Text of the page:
Electronic Health Records: Who do we build this for?
Who is the true customer in enterprise medical record software? Who do we ultimately build electronic health records (EHRs) for? Let’s move more influence downstream to the patient, and those that care for them.
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Many open-source projects have close alignment between their contributors and users.
Often, the software developer who contributes to an open-source project is the same ones who benefit from using the software. There is a clear incentive to contribute because it makes the tools you use better. What to work on? How is 'better' defined? When you are the end-user (and software developer), this question is much easier.
But in most software, there is a gap between the developer and the user. This gap is perhaps most acute in the case of electronic health records.
I've asked myself: who is the user we build enterprise medical records for? The answer is complex.
a. The medical record is primarily built for the patient. (Sometimes we forget that the only reason the healthcare 'industry exists' is to help heal the sick).
b. But in today's healthcare structure, patients most often need to see a care provider. That care provider interacts with the medical record tool.
c. Other members of a healthcare organization benefit from the information stored within the medical record, such as managers who (ideally) help ensure the system is providing patients optimal care.
d. The clinicians and managers who use the medical record, in general, are obligated to use the medical record their local government or organization provides. For this reason, for many, the 'administration' becomes the primary 'customer' of the clinical system.
As you can see, the end user and the developer are not the same person; and like most enterprise software nor is the product purchaser and the end user the same.
Selling to the top
In most enterprise software, there is an incentive to ‘sell to the top’ as that is where the cash is held.
We have seen the effects of selling clinical systems to 'admin'. In the West, most clinicians dislike or strongly dislike their clinical tool. In general today, it is rare to find someone who 'loves their EHR'.
Most contemporary medical record systems have been designed for the organization's administration (aka the Chief Financial Officer) to be the primary customer. Which does make sense, but I think is the wrong approach to building good software.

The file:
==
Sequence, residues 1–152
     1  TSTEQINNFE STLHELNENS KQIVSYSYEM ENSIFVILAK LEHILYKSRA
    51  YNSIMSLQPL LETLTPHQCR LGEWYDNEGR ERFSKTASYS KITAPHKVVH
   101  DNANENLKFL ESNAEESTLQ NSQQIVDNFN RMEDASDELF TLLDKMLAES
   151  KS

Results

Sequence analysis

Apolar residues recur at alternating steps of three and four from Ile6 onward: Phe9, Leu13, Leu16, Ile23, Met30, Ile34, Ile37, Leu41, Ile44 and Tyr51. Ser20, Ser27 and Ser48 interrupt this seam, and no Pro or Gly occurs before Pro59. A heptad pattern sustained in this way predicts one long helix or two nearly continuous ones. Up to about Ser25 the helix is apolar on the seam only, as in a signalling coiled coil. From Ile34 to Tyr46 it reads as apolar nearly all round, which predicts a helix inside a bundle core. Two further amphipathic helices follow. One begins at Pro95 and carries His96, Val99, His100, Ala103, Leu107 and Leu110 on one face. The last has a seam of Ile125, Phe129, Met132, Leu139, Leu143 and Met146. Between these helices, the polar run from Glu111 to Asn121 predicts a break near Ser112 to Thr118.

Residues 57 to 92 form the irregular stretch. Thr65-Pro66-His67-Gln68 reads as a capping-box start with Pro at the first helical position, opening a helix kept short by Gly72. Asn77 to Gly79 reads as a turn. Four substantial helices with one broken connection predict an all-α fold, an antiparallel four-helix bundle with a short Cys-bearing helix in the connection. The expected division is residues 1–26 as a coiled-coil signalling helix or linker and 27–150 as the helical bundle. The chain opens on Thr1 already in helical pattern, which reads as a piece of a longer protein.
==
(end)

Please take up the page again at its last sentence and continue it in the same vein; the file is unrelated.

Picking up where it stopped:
Three possible routes to widespread EHR adoption
If an electronic health record organization wants widespread adoption of their product, they could consider these three routes.
1. The first approach is to view the Chief Financial Officer as the primary customer. In this model of growth, after the administration adopts the product, they force all users to use the new system.
This has been the traditional model of installation and growth for electronic health records in the USA. We have seen the results of this, with all-time high levels of physician burnout, dissatisfaction, and sub-par EHR products.
2. The second approach is to view the clinician as the primary customer. In this model of growth, the tool is optimized to clinician's needs. Clinicians within an organization ask for (& demand) that they are given the same great EHR tools they see their colleagues at neighbouring health institutions use. In turn, the CFO and administration look for ways to install that product.
3. The third approach is to view the patient as the primary customer. I think philosophically this is the most correct. The information contained in the record is entirely theirs, and its purpose is to help serve their health.
In producing enterprise-level electronic health record tools, name-brand recognition could be something patients 'look for' when they seek care. Patients, for instance, may ask if their clinicians or health organizations are using a particular EHR tool, just as patients ask certain medications, investigations, and procedures.
(I suspect companies such as Apple, IBM, Salesforce, Amazon, Microsoft, Google, etc are all working on ways to produce medical record tools directly for patient use. This is different, though than producing enterprise-level software for clinician use. Perhaps the approach is to first secure patients data, and then to move into enterprise clinical tools. This approach I think in the long-run will work.)
What is the best route forward?
The American experience has proven that viewing the administration as the primary customer of an electronic health record is an effective way to sell a product, but an ineffective way to develop a product that clinicians actually love to use.
I think that building an enterprise product around patient name-brand recognition is an interesting idea, but I don't see it as the 'first step'.
I'm particularly interested in the growth potential of building an EHR specifically targeted at delighting clinicians, to the point that they demand and request their organization to adopt it.
Who is the customer? Some may say, the one with the means and the ability to pay is the customer. That is why enterprise software often is sold to the hospital’s Chief Financial Officer / admin. I understand that. However, healthcare financing is complicated. The true customer at the end of the day is the patient. The layers of complexity we wrap around the patient in terms of care providers, healthcare organizations, and governments - ultimately are there to serve the patient. If we believe this, it’s important to move more influence downstream towards them, and those that care for them.